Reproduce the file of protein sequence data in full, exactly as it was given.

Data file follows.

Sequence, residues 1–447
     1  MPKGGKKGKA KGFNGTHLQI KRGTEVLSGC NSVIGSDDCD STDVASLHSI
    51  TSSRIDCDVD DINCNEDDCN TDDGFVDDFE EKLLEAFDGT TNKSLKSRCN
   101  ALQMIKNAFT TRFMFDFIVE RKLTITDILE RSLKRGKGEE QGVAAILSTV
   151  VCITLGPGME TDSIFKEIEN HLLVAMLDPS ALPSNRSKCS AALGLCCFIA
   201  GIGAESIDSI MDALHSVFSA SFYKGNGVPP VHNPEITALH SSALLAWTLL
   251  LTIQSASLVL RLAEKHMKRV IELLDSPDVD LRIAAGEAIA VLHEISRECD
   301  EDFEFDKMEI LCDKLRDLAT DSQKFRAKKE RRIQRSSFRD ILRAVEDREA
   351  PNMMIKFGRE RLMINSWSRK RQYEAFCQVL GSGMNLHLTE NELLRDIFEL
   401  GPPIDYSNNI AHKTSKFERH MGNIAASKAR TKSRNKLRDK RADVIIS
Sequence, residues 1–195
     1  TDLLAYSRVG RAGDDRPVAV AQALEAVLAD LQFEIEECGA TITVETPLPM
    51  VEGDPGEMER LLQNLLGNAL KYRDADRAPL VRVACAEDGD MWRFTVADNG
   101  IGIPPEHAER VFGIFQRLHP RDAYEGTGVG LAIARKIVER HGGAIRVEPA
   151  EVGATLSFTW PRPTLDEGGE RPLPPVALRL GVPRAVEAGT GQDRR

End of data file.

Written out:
Sequence, residues 1–447
     1  MPKGGKKGKA KGFNGTHLQI KRGTEVLSGC NSVIGSDDCD STDVASLHSI
    51  TSSRIDCDVD DINCNEDDCN TDDGFVDDFE EKLLEAFDGT TNKSLKSRCN
   101  ALQMIKNAFT TRFMFDFIVE RKLTITDILE RSLKRGKGEE QGVAAILSTV
   151  VCITLGPGME TDSIFKEIEN HLLVAMLDPS ALPSNRSKCS AALGLCCFIA
   201  GIGAESIDSI MDALHSVFSA SFYKGNGVPP VHNPEITALH SSALLAWTLL
   251  LTIQSASLVL RLAEKHMKRV IELLDSPDVD LRIAAGEAIA VLHEISRECD
   301  EDFEFDKMEI LCDKLRDLAT DSQKFRAKKE RRIQRSSFRD ILRAVEDREA
   351  PNMMIKFGRE RLMINSWSRK RQYEAFCQVL GSGMNLHLTE NELLRDIFEL
   401  GPPIDYSNNI AHKTSKFERH MGNIAASKAR TKSRNKLRDK RADVIIS
Sequence, residues 1–195
     1  TDLLAYSRVG RAGDDRPVAV AQALEAVLAD LQFEIEECGA TITVETPLPM
    51  VEGDPGEMER LLQNLLGNAL KYRDADRAPL VRVACAEDGD MWRFTVADNG
   101  IGIPPEHAER VFGIFQRLHP RDAYEGTGVG LAIARKIVER HGGAIRVEPA
   151  EVGATLSFTW PRPTLDEGGE RPLPPVALRL GVPRAVEAGT GQDRR